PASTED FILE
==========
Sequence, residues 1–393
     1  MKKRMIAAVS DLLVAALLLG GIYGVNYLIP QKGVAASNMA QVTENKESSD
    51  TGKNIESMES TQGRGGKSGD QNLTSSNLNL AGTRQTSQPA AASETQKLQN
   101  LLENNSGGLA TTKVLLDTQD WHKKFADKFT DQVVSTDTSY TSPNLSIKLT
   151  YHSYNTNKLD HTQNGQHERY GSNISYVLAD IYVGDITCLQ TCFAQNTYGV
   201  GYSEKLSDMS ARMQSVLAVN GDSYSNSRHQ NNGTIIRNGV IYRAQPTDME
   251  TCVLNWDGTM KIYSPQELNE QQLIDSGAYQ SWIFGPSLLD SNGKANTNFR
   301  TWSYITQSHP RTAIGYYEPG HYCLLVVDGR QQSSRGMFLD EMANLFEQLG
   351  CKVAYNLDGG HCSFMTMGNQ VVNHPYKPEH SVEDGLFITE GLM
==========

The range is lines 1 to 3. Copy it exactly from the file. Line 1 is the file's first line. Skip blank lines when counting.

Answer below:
Sequence, residues 1–393
     1  MKKRMIAAVS DLLVAALLLG GIYGVNYLIP QKGVAASNMA QVTENKESSD
    51  TGKNIESMES TQGRGGKSGD QNLTSSNLNL AGTRQTSQPA AASETQKLQN